Grave Problem: Nothing Is Rotting in the State of Norway
Oslo’s funeral director has long wrestled with the particularly morbid job of dealing with Norway’s longtime insistence on "plastic graves." Now, she is using technology to fight back.
Shortly after World War II, Norwegians began a three-decade-long practice of wrapping their dead in plastic before laying them to rest in wooden caskets, believing the practice was more sanitary. Hundreds of thousands of burials later, gravediggers realized the airtight conditions kept the corpses from decomposing.
"The priest says ’ashes to ashes,’ but we ain’t got no ashes on the other end," Margaret Eckbo, Oslo’s director of funerals, said while walking around Grefsen cemetery on a hill overlooking the city.
"From ashes to plastic doesn’t sound all that good," she said.
The presence of plastic-wrap graves doesn’t bode well for a municipality where real estate is scarce and expensive. For centuries, Norwegians—and others in Europe—have reused graves after 20 years, so as to conserve land.
Norwegians get free cemetery plots when they die, but only for 20 years. After that, somebody’s got to pay rent to keep the plot and the headstone. Otherwise, the plot becomes available to bury somebody else. Old bones and casket parts are left there under new coffins with new inhabitants. But there’s a problem.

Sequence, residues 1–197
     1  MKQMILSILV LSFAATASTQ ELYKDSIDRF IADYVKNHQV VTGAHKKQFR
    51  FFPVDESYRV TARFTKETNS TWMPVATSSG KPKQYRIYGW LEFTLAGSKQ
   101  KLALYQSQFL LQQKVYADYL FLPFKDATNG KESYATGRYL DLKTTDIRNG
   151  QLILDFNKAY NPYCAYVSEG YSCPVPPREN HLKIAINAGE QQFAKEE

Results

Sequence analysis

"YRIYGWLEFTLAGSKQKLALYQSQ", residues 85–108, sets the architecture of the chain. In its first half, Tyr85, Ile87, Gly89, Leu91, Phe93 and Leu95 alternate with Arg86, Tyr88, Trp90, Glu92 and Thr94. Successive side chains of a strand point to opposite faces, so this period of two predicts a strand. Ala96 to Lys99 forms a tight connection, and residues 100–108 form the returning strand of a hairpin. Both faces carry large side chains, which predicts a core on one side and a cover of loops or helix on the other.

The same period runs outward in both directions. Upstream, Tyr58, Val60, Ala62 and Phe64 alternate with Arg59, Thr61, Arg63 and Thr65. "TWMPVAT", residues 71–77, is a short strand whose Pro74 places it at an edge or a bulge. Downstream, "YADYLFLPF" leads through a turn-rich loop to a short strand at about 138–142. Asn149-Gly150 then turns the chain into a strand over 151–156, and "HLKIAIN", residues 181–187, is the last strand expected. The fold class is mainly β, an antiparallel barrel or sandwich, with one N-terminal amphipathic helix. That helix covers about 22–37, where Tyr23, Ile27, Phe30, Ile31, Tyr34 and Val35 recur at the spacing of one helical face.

"The law tells us that if you open a grave from the period when they used plastic, you’re not allowed to reuse it," Ms. Eckbo said. The former city councilwoman used to take walks past neglected graves trying to think of a way to solve the problem.
Even if nobody was paying the rent, graves couldn’t be recycled if they contained plastic-wrapped corpses. At first she favored expanding cemeteries, but that was an expensive and unpopular prospect. "Politicians aren’t keen on giving up space where they could have built elderly homes or kindergartens, especially not to dead people."
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